# L1.2. An Introduction to Block Ciphers Rocky K. C. Chang, February 2013.

## Presentation on theme: "L1.2. An Introduction to Block Ciphers Rocky K. C. Chang, February 2013."— Presentation transcript:

L1.2. An Introduction to Block Ciphers Rocky K. C. Chang, February 2013

Outline 2  Product and iterated ciphers  A simple substitution-permutation network  DES and AES  Modes of operations  Cipher block chaining  How to ensure message integrity?  How to increase the security of DES?

Affine cipher as a product cipher 3  Multiplicative Cipher:  Let M = C = Z 26 = {0, 1, 2, …, 25}.  K = {a  Z 26 : gcd(a, 26} = 1}.  E K (m) = am mod 26.  D K (c) = a -1 c mod 26.  Affine Cipher:  A key in the Shift Cipher is an element b in K = {0, 1, 2, …, 25}.  A key in the Multiplication Cipher is an element a in Z 26 such that gcd(a, 26} = 1.  Hence, a key in the product of an Multiplicative Cipher and an Affine Cipher is in the form of (a, b), where  E (a,b) (m) = (am + b) mod 26.

Iterated ciphers 4  Block ciphers today are product ciphers.  Involves a sequence of permutation (diffusion) and substitution (confusion) operations.  A common design is an iterated cipher consisting of a round function and a key schedule.  Encryption of a plaintext proceeds through N similar rounds.  The key K is used to construct the N round keys or subkeys: K 1, K 2, …, and K N.  Denote the round function as g() that take in the current state and a subkey as inputs.

Encryption in an iterated cipher 5  K 1, K 2, …, K N are the subkeys derived from K.  The encryption operation:  w 0  m  w 1  g(w 0, K 1 )  w 2  g(w 1, K 2 )  …  w N-1  g(w N-2, K N-1 )  w N  g(w N-1, K N )  c  w N

Decryption in an iterated cipher 6  To decrypt c, we need a function g -1 () which performs the followings:  w N  c  w N-1  g -1 (w N, K N )  w N-2  g -1 (w N-1, K N-1 )  …  w 1  g -1 (w 2, K 2 )  w 0  g -1 (w 1, K 1 )  m  w 0  By comparing the decryption and encryption operations, g -1 () has to satisfy  g -1 (g(w, y), y) = w for all w and y.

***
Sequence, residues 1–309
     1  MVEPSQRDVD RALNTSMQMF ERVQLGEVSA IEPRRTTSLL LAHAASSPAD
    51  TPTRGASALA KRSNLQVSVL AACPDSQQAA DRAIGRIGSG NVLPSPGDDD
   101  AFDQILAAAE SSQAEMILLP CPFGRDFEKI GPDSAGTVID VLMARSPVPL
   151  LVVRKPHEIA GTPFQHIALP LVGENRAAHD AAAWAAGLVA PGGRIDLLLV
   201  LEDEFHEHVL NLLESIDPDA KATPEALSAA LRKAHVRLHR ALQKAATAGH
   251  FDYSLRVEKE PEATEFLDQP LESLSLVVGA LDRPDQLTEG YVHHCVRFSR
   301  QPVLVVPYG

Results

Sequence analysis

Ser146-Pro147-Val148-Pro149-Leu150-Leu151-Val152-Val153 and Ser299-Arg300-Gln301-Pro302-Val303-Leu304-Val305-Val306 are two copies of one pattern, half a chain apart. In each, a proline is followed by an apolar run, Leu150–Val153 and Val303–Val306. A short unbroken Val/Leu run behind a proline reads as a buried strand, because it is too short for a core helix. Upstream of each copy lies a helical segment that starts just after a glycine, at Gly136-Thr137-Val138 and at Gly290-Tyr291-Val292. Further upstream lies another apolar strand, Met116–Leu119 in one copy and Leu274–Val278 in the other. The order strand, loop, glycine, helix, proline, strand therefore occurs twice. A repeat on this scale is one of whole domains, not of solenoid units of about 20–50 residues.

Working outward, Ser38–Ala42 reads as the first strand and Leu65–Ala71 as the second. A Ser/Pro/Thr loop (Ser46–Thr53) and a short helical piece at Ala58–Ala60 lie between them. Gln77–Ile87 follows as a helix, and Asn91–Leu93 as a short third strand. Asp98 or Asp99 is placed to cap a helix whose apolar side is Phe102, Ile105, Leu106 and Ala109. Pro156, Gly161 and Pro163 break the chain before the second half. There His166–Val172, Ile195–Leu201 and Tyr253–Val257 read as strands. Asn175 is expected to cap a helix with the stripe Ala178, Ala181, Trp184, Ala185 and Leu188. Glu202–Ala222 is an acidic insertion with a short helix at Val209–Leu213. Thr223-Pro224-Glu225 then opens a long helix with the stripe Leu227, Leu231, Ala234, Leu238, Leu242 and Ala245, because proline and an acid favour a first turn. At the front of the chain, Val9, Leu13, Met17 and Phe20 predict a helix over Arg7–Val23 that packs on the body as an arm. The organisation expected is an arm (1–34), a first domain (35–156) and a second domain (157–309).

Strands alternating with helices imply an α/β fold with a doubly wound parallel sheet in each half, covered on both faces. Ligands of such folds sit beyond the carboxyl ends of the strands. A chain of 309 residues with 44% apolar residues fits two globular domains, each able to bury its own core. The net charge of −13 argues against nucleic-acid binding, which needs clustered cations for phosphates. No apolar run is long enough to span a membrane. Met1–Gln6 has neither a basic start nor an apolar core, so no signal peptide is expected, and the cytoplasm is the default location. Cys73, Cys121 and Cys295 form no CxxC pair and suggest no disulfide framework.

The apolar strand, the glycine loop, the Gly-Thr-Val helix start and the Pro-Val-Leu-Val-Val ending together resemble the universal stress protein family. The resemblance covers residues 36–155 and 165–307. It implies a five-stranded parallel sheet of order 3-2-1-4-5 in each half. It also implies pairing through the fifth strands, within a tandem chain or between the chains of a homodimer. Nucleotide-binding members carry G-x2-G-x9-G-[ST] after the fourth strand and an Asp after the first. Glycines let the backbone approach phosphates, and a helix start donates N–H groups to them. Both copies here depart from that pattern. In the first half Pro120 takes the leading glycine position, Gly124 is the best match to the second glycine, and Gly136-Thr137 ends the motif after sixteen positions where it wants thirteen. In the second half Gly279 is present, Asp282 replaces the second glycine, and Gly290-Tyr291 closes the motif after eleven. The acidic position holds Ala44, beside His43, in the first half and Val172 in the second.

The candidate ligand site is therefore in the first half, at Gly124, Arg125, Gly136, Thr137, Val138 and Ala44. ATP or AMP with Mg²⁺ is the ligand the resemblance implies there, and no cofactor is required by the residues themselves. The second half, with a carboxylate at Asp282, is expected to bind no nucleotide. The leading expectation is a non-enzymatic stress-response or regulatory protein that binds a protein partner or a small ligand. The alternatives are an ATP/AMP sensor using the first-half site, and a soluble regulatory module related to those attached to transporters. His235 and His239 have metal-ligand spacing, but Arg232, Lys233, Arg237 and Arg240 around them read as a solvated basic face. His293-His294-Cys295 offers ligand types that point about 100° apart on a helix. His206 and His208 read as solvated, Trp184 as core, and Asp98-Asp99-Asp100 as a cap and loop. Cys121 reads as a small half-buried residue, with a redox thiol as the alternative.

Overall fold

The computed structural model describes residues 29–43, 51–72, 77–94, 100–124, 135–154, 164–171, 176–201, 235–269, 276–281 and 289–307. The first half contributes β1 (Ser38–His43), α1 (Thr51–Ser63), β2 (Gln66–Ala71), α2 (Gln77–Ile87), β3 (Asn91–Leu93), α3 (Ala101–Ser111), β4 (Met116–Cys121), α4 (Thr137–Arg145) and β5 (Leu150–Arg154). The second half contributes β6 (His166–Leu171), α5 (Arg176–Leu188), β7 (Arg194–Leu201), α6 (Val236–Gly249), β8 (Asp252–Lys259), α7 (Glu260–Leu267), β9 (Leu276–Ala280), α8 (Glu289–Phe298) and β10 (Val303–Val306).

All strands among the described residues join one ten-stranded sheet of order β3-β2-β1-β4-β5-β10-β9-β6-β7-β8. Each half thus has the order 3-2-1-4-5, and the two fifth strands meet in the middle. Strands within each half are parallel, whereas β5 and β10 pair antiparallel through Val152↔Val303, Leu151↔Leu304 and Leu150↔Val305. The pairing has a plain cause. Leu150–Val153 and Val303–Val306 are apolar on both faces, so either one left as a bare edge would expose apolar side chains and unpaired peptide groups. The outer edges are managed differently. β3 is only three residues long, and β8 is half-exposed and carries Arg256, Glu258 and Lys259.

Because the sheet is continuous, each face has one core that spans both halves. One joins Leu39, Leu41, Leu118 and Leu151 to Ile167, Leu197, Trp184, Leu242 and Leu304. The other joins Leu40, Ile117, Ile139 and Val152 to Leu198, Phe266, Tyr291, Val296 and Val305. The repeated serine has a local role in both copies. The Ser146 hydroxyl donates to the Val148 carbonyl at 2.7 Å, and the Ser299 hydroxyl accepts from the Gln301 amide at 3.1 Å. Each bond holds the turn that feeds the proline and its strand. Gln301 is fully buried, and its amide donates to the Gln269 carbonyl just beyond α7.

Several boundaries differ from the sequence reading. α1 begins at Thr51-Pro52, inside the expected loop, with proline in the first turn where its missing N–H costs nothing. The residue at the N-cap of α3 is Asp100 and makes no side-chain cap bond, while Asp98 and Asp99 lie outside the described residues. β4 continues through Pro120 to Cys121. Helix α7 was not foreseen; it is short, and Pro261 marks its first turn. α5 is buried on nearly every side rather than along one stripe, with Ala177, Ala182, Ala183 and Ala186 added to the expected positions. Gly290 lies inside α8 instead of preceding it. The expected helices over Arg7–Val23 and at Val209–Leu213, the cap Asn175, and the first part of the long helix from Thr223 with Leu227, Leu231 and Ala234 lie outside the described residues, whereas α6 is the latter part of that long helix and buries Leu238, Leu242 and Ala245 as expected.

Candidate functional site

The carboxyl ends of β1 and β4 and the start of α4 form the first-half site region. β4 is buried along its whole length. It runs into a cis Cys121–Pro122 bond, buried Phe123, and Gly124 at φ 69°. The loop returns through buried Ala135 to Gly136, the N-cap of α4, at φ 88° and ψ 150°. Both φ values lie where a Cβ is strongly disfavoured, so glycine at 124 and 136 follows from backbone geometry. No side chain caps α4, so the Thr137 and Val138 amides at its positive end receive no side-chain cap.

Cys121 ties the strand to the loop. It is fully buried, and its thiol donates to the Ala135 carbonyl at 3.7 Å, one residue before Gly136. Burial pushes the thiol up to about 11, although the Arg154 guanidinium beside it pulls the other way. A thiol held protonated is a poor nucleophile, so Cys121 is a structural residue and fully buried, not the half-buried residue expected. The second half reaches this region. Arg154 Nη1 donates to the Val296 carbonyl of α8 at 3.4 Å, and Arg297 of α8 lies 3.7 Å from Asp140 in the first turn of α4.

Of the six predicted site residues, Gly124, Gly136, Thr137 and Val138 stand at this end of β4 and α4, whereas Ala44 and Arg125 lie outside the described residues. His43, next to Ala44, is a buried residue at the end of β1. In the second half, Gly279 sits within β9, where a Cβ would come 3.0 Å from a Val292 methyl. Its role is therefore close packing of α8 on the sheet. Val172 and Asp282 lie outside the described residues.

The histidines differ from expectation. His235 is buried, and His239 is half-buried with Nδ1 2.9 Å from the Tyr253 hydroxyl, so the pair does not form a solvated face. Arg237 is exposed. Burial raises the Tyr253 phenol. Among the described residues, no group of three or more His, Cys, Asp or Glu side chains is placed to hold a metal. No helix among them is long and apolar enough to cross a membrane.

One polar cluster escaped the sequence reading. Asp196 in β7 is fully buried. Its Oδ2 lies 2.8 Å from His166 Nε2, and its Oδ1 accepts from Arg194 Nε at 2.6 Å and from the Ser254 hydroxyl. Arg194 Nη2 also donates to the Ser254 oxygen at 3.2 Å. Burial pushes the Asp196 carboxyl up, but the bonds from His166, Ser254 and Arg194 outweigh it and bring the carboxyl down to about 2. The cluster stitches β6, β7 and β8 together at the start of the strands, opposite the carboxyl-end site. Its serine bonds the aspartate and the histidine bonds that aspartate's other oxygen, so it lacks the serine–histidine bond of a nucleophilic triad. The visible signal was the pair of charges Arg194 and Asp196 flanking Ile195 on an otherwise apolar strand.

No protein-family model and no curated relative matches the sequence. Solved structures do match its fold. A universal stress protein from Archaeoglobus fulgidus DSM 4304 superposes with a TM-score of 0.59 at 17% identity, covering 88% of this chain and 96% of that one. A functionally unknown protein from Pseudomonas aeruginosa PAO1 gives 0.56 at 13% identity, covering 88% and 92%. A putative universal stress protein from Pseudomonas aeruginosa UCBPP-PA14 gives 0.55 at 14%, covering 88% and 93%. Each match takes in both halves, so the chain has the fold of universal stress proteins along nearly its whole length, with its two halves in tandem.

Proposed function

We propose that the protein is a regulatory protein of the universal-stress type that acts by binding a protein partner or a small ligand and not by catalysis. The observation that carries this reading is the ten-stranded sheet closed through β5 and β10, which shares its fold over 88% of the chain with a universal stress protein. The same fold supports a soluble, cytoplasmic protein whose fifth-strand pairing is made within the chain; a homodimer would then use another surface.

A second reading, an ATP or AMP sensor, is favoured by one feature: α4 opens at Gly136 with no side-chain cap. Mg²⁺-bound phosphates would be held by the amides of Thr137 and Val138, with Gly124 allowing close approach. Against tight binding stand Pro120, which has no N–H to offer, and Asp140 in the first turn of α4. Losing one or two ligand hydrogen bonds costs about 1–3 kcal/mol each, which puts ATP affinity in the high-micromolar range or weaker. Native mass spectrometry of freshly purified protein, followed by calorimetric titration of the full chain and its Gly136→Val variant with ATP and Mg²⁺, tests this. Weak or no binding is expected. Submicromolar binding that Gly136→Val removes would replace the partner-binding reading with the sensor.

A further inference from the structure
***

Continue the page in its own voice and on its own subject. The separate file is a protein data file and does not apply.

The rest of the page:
A simple substitution-permutation network 7

8  There are 4 “ identical ” rounds for encryption:  Each round uses a round key.  An initial key K generates the round keys according to a key schedule.  Functions of the components:  In each of the long rectangular box, the 16-input bits are XOR-ed with the subkey (for mixing the round key with data)  The S-boxes perform 4-bit substitutions (for providing nonlinearity).  Remove the linear algebraic structure.  The operation of an S-box cannot be encoded in a linear equation.  The output bits of the S-boxes are permutated (for providing diffusion).  One bit change in the input affect more than one bit in the output.  How is decryption performed?

Threats 9  In a known-plaintext attack, one can launch a brute-force attack.  Should not regard a brute-force attack as a real attack.  Cipher designers have anticipated it, and hope that this is the only way to attack it.  Linear and differential cryptanalysis  Known-plaintext attacks  Linear: finding a probabilistic linear relationship between some bits in the plaintext and a subset of state bits.

The Data Encryption Standard (DES) 10

DES ’ s overall 11  DES is a special type of iterated cipher called a Feistel cipher.  Inputs to DES: 64-bit blocks of a plaintext  DES uses a 56-bit key (8 parity bits)  Output from DES: 64-bit blocks of a ciphertext  Encryption algorithm:  Apply an initial permutation (IP) to the input block.  Iterate 16 rounds of operations with subkeys (k 1, k 2, …, k 16 ).  The subkeys are generated according to a key schedule and a key K.  The result from round 16 is input to the inverse of IP (IP -1 ).

DES encryption 12 Initial permutation Round 1 Round 2 Round 16 56-bit key Final permutation …

The permutations 13  The initial permutation:  (L 0, R 0 )  IP(input block), where  L 0, and R 0 are the left and right blocks (32 bits each)  IP is a fixed function.  The final permutation:  Output block  IP -1 (R 16, L 16 )  IP -1 cancels the effect of IP.